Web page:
Even hill stations will be hotter this year, warns IMD


India Meteorological Department has forecast “above normal” temperatures across most of the country.


Key facts:

  • The IMD weather model, used to prepare the forecast, shows a 47% probability of summer temperatures being above normal.
  • Himachal Pradesh, Uttarakhand, Jammu and Kashmir are expected to be particularly hot with predicted temperatures, on average, likely to be well above 1 degree C above their normal summer temperatures.
  • Punjab, Delhi, Haryana, Rajasthan, Uttar Pradesh, Gujarat, Madhya Pradesh, Chhattisgarh, Bihar, Jharkhand, West Bengal, Odisha and Telangana are other States in the “core heat zone” that are likely to see significantly warmer temperatures.
  • The summer forecast is in line with a generally warm trend over previous months. 2016 was the warmest year in a century, according to the IMD, with the country 0.91 C warmer than the 1961-1990 average.
  • The weather agency blames global warming for this. Studies indicate increasing trends in the frequency and duration of heat waves over the country. This can be attributed to increasing trends in the greenhouse gases and the warming of the sea surface temperatures over the equatorial Indian and Pacific oceans.


About IMD:

The India Meteorological Department (IMD), also referred to as the Met Department, is an agency of the Ministry of Earth Sciences of the Government of India. It is the principal agency responsible for meteorological observations, weather forecasting and seismology. IMD is headquartered in New Delhi and operates hundreds of observation stations across India and Antarctica.

IMD is also one of the six Regional Specialised Meteorological Centres of the World Meteorological Organization. It has the responsibility for forecasting, naming and distribution of warnings for tropical cyclones in the Northern Indian Ocean region, including the Malacca Straits, the Bay of Bengal, the Arabian Sea and the Persian Gulf.


Sources: the hindu.


Paper 1 Topic: Role of women and women’s organization, population and associated issues, poverty and developmental issues, urbanization, their problems and their remedies.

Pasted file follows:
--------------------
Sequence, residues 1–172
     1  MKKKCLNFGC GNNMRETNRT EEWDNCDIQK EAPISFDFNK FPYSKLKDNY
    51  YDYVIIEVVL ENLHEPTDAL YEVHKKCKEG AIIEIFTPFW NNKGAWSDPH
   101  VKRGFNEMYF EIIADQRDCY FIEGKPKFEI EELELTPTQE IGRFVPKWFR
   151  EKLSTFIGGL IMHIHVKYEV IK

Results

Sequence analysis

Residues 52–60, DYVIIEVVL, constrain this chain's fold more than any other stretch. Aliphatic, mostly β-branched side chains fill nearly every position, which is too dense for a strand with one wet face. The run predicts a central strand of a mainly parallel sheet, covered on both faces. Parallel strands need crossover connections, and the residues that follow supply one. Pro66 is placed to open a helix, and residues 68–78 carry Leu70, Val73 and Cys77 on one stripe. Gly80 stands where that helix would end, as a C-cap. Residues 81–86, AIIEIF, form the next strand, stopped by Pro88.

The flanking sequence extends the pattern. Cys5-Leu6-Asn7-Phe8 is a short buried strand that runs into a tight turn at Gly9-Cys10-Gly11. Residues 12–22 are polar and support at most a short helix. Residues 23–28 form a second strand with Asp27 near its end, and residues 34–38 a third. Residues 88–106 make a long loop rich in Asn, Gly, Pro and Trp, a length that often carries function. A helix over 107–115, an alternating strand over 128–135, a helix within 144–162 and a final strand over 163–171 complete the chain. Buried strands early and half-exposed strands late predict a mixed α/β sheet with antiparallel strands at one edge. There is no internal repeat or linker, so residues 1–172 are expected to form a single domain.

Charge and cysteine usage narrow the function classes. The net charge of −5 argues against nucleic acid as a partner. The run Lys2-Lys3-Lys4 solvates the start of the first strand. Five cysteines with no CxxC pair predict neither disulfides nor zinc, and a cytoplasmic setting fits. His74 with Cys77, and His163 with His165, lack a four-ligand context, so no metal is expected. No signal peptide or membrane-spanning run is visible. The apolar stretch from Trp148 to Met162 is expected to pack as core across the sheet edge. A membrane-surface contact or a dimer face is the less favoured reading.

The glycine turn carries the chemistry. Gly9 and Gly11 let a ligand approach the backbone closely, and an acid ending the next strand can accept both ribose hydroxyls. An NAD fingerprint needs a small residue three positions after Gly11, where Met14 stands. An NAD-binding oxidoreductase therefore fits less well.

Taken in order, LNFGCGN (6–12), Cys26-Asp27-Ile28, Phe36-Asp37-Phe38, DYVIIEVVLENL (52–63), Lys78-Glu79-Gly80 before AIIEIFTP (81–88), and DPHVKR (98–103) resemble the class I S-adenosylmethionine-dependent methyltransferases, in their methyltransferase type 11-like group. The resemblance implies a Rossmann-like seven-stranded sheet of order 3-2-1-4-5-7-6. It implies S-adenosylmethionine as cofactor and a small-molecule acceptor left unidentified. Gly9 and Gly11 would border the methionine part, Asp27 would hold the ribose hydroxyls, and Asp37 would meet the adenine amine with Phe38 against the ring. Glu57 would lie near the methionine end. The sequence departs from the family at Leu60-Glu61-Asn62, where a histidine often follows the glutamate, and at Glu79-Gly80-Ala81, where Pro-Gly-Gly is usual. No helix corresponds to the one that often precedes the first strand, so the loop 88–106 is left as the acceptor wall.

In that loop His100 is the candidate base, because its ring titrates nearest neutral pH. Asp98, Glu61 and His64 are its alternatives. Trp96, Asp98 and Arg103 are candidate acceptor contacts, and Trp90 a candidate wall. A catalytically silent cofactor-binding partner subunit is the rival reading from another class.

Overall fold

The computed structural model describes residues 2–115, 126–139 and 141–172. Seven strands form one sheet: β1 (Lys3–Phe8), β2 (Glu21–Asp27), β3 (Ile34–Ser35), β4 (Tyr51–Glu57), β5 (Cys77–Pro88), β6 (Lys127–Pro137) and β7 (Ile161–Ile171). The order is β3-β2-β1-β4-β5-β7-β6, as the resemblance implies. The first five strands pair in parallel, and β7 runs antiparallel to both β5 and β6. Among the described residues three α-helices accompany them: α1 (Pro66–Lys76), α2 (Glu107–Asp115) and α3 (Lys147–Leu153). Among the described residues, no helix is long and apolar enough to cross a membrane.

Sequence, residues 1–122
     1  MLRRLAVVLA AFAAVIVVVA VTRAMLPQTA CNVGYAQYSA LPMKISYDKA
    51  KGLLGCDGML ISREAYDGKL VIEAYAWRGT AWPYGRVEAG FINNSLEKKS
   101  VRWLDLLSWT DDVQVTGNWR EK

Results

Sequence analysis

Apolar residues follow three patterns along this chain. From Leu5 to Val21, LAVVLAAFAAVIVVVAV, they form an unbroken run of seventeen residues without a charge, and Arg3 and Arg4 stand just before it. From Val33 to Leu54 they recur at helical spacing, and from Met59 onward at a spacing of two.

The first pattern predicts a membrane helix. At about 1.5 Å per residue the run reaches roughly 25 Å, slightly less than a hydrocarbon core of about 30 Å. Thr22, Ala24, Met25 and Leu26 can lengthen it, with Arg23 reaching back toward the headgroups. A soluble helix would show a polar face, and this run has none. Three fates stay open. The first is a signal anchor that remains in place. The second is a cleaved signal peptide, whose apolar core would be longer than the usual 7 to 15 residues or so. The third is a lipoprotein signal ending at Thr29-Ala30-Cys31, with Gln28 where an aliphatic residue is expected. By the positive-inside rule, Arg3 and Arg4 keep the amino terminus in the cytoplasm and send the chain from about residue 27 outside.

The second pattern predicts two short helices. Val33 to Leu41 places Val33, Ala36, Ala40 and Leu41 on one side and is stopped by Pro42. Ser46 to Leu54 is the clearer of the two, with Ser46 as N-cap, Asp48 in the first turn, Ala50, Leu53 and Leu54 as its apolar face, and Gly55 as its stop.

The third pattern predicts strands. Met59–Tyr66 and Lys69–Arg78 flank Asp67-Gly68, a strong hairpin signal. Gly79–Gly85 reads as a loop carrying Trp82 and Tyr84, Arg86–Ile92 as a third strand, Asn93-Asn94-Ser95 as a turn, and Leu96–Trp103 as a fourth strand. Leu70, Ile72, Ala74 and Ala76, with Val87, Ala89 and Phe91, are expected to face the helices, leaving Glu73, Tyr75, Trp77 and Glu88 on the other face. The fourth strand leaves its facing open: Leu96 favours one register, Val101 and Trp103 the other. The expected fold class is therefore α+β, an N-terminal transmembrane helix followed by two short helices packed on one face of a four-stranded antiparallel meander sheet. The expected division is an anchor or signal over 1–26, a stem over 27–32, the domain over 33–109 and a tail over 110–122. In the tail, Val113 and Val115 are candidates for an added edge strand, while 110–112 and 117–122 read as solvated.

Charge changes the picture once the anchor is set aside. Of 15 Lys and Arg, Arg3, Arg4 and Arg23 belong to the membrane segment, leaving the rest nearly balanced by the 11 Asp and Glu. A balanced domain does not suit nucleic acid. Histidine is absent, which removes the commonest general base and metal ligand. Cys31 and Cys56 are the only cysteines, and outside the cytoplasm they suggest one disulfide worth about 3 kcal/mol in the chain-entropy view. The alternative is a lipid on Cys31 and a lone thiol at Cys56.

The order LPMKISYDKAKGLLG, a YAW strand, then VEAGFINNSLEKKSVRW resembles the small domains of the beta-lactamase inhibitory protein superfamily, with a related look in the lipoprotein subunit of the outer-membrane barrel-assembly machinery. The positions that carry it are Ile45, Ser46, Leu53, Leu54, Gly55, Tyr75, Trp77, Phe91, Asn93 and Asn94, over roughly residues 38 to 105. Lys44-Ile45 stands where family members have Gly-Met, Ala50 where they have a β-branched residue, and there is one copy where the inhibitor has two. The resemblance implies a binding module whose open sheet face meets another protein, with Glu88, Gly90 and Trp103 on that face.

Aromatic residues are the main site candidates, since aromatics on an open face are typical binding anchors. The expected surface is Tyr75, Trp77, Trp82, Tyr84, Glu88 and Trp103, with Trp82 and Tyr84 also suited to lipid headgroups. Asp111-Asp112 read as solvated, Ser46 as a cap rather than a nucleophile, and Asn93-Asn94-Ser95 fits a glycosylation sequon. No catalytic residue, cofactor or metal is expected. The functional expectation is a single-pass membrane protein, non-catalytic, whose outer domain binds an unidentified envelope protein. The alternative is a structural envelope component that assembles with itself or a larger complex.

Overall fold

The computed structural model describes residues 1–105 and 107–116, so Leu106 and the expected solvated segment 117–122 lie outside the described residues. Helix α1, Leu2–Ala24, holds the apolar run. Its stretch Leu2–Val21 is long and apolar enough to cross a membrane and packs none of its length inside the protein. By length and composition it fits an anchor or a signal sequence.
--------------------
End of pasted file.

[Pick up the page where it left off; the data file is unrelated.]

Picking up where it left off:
Thiruvananthapuram tops city governance ranking


The report of the Annual Survey of India’s City-Systems (ASICS), conducted by Janaagraha Centre for Citizenship and Democracy, was recently released. This is the fourth edition. The survey evaluated 21 major cities from the country’s 18 states. The survey highlighted inadequacies in urban governance that could affect public service delivery and quality of life.


About the survey:

The ASICS report is designed to help city leaders pin point issues in urban governance in their cities and help them chalk out a reform roadmap to make them more livable.

  • The City-Systems framework, comprises four distinct but inter-related components – urban planning and design, urban capacities and resources; empowered and legitimate political representation and transparency, accountability and participation.
  • The survey for 2016 reveals several systemic inadequacies in urban governance that could affect public service delivery.
  • The better a city scores in the survey, the more likely it is that it will be able to deliver better quality of life to citizens over the medium and long-term.
  • The survey showed that Indian cities score between 2.1 and 4.4 on scale of 10, as against the global benchmarks of London and New York, which score 9.3 and 9.8 respectively.